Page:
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My plans for my summer’s big adventure out west revolved around seeing the mountains.
For an Arkansan that may seem odd, for we’ve got plenty of mountains in the Natural
State. But out west they have BIG mountains, not the worn down nubbins we know.
Wyoming’s Teton Range is the youngest mountain range in North America and formed in
a completely different way than Arkansas’ Ouachita Mountains. (Image courtesy Gerald
As a matter of fact we only have one true mountain range in Arkansas, the Ouachita
Range. The Ozarks Mountains are in reality an eroded uplift that resulted from long
term erosion. Driving through the Ozarks and the Ouachita there is a lot of similarity
in appearance because of the surface vegetation but if you look at the bones — the
rocks that underlie the thin veneer of topsoil — you’ll notice that the rock beds
in the Ozarks lie horizontal while in the Ouachitas the rock strata often have a sharp
angle of repose and sometimes are even vertical. The black shale road cut just south
of the Arkansas River on I-430 in Little Rock and at various locations up the river
as far as Fort Smith show this same near vertical orientation.
The Ouachita Range owes its existence to the bumping and grinding when the earth’s
land masses merged into a giant supercontinent called Gondwana about 280 million years
ago. A giant chunk of what is believed to have once been attached to South America
is shoved under the crust of South Arkansas and East Texas. The collision that triggered
the compression and uplift of the Ouachitas is also associated with causing the Ozark
Dome to lift out of the sea and remain high and dry for the eons to come.
The Rocky Mountains are relatively young mountains, having been formed 50-70 million
years ago when the California Plate bumped up directly against the North American
plate. The North American plate has been moving west at its current latitude at a
rate of about an inch a year, or about as fast as your fingernails grow. In Colorado,
it is estimated that the earth’s crust was reduced in distance by about 25 to 50 miles
between the western Colorado line and the Front Range of the Rockies.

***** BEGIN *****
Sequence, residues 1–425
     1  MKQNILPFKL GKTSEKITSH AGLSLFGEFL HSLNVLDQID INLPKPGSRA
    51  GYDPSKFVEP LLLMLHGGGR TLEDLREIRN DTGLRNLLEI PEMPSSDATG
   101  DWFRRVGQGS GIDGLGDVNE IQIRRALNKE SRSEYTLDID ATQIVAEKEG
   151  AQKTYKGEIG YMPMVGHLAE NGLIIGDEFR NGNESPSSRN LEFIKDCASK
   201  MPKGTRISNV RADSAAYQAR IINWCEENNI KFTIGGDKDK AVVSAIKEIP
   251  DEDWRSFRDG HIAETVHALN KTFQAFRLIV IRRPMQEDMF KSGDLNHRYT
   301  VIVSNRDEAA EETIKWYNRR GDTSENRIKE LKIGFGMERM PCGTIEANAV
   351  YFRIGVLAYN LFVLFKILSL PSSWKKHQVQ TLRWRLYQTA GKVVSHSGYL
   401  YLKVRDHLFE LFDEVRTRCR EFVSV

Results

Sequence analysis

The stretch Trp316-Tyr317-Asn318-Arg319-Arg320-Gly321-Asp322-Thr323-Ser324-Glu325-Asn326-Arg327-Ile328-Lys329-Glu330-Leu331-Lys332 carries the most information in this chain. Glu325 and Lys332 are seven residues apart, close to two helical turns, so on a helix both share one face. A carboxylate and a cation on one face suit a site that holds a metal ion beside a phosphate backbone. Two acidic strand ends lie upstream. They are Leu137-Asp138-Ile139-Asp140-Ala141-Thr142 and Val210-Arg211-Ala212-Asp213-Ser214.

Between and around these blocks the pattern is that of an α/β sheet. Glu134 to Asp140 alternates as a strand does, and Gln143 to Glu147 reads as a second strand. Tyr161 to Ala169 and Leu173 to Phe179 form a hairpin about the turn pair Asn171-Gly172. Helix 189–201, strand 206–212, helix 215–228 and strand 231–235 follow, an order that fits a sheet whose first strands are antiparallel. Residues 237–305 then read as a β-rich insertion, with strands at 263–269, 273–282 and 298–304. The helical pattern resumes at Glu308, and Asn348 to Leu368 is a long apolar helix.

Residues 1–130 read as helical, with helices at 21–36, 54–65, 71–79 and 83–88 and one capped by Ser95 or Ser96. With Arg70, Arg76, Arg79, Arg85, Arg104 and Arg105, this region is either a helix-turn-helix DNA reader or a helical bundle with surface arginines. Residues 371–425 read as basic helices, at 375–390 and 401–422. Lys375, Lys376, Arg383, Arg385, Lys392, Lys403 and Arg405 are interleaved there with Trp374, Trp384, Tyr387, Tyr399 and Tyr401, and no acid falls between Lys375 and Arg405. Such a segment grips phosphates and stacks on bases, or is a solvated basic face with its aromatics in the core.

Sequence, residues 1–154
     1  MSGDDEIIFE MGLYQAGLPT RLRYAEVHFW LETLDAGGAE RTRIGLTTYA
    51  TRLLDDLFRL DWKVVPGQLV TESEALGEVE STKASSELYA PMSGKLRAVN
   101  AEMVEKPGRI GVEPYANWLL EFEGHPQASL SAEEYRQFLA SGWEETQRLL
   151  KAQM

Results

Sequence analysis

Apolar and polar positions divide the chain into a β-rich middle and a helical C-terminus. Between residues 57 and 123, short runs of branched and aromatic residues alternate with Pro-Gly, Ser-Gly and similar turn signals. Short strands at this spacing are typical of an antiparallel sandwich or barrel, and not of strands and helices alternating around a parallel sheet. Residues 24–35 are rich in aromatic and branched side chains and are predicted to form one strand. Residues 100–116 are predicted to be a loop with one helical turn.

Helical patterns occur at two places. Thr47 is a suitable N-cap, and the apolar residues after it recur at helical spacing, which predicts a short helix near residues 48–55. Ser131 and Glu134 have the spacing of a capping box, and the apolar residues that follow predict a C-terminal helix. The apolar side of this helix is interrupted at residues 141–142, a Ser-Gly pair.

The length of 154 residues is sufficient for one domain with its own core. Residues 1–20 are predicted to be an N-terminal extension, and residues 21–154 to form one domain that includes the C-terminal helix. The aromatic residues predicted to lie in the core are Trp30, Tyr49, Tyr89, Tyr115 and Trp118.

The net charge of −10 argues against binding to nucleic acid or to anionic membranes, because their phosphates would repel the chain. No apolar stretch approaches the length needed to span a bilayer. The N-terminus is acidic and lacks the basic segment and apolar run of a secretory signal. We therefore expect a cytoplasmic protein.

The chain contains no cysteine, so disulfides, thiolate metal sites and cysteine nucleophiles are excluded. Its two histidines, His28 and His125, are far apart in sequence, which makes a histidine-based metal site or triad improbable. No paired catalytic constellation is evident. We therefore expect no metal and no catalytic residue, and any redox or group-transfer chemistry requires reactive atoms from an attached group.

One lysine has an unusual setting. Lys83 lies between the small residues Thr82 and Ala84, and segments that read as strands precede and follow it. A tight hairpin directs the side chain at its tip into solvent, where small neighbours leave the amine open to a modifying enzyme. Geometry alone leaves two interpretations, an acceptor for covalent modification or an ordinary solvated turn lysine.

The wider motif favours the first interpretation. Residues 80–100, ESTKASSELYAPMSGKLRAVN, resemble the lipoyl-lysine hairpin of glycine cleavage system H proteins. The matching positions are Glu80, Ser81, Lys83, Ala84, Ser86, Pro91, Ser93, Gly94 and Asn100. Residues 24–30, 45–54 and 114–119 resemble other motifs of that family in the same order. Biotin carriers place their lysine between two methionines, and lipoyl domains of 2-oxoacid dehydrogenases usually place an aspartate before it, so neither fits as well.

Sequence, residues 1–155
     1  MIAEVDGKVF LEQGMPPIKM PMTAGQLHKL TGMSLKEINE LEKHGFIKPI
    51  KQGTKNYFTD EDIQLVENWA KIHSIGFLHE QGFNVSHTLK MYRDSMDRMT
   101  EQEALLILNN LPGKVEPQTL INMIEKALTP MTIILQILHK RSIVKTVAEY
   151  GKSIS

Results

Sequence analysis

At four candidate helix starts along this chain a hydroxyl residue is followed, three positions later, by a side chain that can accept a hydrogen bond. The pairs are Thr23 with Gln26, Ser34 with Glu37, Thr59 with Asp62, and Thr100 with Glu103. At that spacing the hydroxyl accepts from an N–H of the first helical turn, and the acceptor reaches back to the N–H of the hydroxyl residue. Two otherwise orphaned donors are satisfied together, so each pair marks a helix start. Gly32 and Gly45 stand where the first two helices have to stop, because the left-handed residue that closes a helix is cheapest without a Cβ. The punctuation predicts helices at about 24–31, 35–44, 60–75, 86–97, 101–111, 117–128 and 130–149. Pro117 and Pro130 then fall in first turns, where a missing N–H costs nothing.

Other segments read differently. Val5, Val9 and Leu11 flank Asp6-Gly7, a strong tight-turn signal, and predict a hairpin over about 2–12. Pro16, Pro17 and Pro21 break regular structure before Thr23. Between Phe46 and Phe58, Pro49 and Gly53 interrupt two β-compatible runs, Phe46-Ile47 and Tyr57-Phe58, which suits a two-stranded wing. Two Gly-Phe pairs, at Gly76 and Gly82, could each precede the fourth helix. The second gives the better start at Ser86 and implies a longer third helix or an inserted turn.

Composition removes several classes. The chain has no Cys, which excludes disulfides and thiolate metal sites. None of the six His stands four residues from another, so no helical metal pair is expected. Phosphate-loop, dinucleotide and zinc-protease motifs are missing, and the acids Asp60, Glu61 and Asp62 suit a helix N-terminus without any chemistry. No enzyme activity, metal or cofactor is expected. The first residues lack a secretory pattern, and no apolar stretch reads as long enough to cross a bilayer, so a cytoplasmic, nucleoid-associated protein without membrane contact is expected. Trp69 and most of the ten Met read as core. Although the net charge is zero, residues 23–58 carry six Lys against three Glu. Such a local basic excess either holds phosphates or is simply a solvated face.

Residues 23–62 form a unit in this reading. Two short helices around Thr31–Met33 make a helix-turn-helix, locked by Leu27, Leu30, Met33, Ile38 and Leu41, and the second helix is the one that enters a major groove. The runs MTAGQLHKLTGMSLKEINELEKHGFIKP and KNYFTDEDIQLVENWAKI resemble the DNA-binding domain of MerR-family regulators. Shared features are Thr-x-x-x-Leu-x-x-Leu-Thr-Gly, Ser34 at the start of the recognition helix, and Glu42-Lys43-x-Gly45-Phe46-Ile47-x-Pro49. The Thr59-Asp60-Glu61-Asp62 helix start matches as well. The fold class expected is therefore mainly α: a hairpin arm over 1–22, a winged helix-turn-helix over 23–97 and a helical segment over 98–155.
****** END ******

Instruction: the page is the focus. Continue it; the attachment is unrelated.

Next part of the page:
This compression caused mountains to lift up, just as if you pushed two sides of a
table cloth together. Wrinkles would form. Sometimes the uplifted crust was relatively
shallow and only involved relatively young rocks. Other times, sedimentary rocks from
deeper in the mantle were buckled and tilted on their ends. These old sedimentary
sandstone rocks, some 1.5 to 2 billion years old, metamorphed into hard schists that
often had cracks and seams between the layers of hard rock. Molten silica and sometimes
magma (later to become granite) infilled these voids. If the infill was silica, it
was often infused with impurities of silver and gold. The silica seams were the veins
miners hoped to find when they dug into the rocky hillsides of the western states.
Much of the red rock splendor I viewed in Utah was erosion of an uplifted plateau,
similar to what we have in the Ozarks. For much of the time after the breakup of Gondwana
and until about 50 million years ago, Utah sat near the equator and was part of a
shallow sea - dry land region that was in and out of the water with great regularity.
But, when the Rocky Mountains formed, Utah arose from the shallow sea. Part of the
land was uplifted and became a dome while some was pushed downward into a shallow
bowl. The high parts eroded away while the low parts filled with fresh water and the
sediments from the high parts. Over time the rivers cut into these sediment-filled
basins and created the cliffs and spires for which the state is known. Much of the
sculpting done in the state has been by the Colorado River, and some features such
as the Grand Canyon are thought to be less than 10 million years old.
Yellowstone National park is another kind of uplift, the one caused by the intrusion
of magma from the depths towards the surface. Yellowstone is known as a roving “hot
spot”, apparently a crack in the mantle that slips beneath the earths crust and creates
new uplifted regions. Volcanism can also create mountains when one continental plate
slides across another as happened in Arkansas’ own Crater of Diamonds State Park.
But what moves together can also move apart. The 40 mile long Teton Range in Wyoming
is the youngest mountain range in North America, clocking in at between 7 and 9 million
years. It sits amidst a number of mountains that were formed during the compressional
event that created the Rockies, but the Teton formation is caused by a rift in the
earth’s crust known as the Teton Fault. The stretching of the crust caused the massive
block of crust to split open. The western edge of the rift uplifted, thrusting the
range more than a mile high while the adjacent eastern edge sank, forming the low
point known as Jackson Hole.
My understanding of mountain building is still incomplete, but by seeing lots of examples
I’ve developed a deeper understanding and appreciation for the forces that create,
and then wipe away, these magnificent piles of rock.
Gerald Klingaman is a retired Arkansas Extension Horticulturist and retired Operations
Director for the Botanical Garden of the Ozarks. After more than two decades of penning the popular Plant of the Week column, he’s taking a new direction, offering views on nature as he pokes about the
state and nation. Views and opinions reflect those of the author and are not those
of the University of Arkansas System Division of Agriculture. If you have questions
or comments for Dr. Klingaman about these articles contact him at email@example.com.